"I can be killed in 10 minutes."

A Whanganui dairy worker is calling for quicker police response times and other measures to staunch the violence and robbery of dairies in New Zealand.

Mandeep Singh, who works at Springvale Dairy, said there should be "some kind of phone app which brings police on patrol" to disturbances at dairies much quicker.

He also wants the Government to stop putting up the price of cigarettes, and for dairy owners and workers to have more rights to defend themselves.

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Mr Singh was commenting to the Chronicle following the armed robbery of the Fitzherbert Avenue Dairy in Springvale on Sunday night.

He said his Parsons Street dairy had CCTV and a direct connection to the police, but it would take police at least 10 minutes to get there.

"I can be killed in 10 minutes."

The spate of armed robberies could also be reduced by making cigarettes less valuable, he said.

"They are putting the price up to stop people getting cancer and dying, but what about our lives?

"It's about the smokes - they need to stop increasing the price."

He said it was essential for many dairies to sell cigarettes.

"If we stopped selling smokes it would be hard to survive. Most of the diaries would shut in a short time."

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More support was needed for dairy owners and workers should be armed.

"We should be able to defend ourselves. At the moment the robbers know we can't ... we are not allowed weapons.

"And if we do defend ourselves and something happens, are we going to be charged?"

Eastside Dairy owner Peter Clarke said thought the Springvale robbery was not part of a pattern, with most of the incidents in South Auckland.

A former police officer, he said Sunday's robbery was the first in Whanganui for some time.

Dairies with just one person working, in isolated sports and next to quick getaway routes were more likely to be robbed.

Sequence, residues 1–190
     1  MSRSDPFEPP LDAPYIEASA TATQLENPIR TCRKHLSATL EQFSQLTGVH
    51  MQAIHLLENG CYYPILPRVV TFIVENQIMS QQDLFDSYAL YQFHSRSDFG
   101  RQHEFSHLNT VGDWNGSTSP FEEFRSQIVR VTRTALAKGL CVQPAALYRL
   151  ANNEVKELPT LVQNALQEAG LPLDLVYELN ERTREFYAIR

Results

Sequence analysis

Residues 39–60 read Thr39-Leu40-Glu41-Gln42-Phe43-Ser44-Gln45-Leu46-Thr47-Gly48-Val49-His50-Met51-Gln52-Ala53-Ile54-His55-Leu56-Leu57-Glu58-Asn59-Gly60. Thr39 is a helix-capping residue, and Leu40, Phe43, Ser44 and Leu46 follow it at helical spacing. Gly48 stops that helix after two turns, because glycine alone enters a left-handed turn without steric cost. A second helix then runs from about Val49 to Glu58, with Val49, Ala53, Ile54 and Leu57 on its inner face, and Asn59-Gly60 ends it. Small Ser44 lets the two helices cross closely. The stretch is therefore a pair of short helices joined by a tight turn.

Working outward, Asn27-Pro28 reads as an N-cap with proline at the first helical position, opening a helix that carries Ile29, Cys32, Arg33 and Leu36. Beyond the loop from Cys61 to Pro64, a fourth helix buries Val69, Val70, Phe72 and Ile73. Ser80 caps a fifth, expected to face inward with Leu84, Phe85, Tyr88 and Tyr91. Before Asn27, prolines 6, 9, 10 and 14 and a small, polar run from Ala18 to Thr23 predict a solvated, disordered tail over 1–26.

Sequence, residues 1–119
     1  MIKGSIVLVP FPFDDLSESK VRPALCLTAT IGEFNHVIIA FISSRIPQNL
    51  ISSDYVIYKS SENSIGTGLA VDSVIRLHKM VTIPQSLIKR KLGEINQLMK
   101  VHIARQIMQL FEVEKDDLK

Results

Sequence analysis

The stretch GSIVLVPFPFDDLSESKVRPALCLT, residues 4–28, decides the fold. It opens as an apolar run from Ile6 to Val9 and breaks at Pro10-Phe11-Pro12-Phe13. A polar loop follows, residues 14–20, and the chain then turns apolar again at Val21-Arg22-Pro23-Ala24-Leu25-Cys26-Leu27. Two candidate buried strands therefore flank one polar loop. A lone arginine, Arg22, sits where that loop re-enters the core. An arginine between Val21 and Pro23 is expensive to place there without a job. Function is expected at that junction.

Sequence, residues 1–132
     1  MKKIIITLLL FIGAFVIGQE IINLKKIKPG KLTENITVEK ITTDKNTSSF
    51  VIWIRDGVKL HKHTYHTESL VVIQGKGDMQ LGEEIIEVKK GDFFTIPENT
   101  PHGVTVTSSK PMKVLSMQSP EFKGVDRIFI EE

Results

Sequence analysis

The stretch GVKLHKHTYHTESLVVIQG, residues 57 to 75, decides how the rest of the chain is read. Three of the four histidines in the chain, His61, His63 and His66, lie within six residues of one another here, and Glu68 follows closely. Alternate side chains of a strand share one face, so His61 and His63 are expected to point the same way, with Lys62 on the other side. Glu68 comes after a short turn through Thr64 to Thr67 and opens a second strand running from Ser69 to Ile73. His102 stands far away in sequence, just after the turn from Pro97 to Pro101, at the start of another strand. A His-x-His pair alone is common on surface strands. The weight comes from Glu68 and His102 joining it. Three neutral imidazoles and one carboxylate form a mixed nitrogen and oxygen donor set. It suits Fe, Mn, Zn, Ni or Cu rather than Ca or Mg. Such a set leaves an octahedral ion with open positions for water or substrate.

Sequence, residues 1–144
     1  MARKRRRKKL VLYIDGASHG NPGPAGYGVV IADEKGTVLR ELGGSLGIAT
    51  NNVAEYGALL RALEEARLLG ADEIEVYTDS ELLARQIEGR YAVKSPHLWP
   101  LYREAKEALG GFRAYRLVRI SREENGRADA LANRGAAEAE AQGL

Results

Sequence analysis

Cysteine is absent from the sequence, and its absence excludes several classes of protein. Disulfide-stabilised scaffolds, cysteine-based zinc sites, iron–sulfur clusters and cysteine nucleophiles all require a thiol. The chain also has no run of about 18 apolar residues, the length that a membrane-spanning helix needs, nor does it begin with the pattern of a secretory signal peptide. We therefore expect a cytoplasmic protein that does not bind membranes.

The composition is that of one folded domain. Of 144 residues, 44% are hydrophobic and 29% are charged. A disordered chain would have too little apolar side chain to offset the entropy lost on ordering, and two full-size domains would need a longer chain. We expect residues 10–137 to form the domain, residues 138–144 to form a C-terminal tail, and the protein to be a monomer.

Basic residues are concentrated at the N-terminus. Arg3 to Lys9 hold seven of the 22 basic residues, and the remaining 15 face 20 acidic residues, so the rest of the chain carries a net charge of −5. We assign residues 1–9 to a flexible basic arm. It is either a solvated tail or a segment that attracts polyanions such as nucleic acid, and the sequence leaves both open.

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"We always have three people in the shop at night. It's also in a well-lit area with a number of other businesses and is not isolated."

His dairy has a very loud buzzer to ward off people, direct connection to police and CCTV.

Mr Clarke said it wasn't time for his store to put cigarettes behind vending machines, as has been suggested, but he believes some service stations in Whanganui will be doing that soon.

His Jones Street dairy has not been robbed in the 21 years he's owned it but it had been burgled. To stop that he had put a roller door at the front and the shop was fully alarmed.
He said cigarettes were a substantial proportion of sales but there was not a big mark up on them.

Eastside Dairy owner Peter Clarke says there's always three people in his shop at night. Photo/Bevan Conley.
Eastside Dairy owner Peter Clarke says there's always three people in his shop at night. Photo/Bevan Conley.

Police advise prevention rather than taking up weapons

The Chronicle asked police about the issues raised, and if it was legal for dairy owners to keep a weapon, such as a baseball bat, under the counter.

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A spokesperson said whether it was lawful for dairy owners or staff to have and use a weapon "will depend on the circumstances".

"Police is not in a position to provide legal advice, however, the most applicable offence is set out in section 202A of the Crimes Act 1961."

The section deals with possessing an offensive weapon and having a "reasonable excuse" to have a weapon in a public place.

The police spokesperson said dairy owners should "back away" and separate themselves from the offender. Personal safety was imperative.

Dairy owners needed to be aware of the risks when defending themselves in potentially violent situations.

"Confronting such situations can escalate very quickly and could lead to serious injury or even death.

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"Police are encouraging store owners to take preventative measures, such as installing good quality CCTV systems and panic alarms, and keeping tobacco and cigarettes out of sight."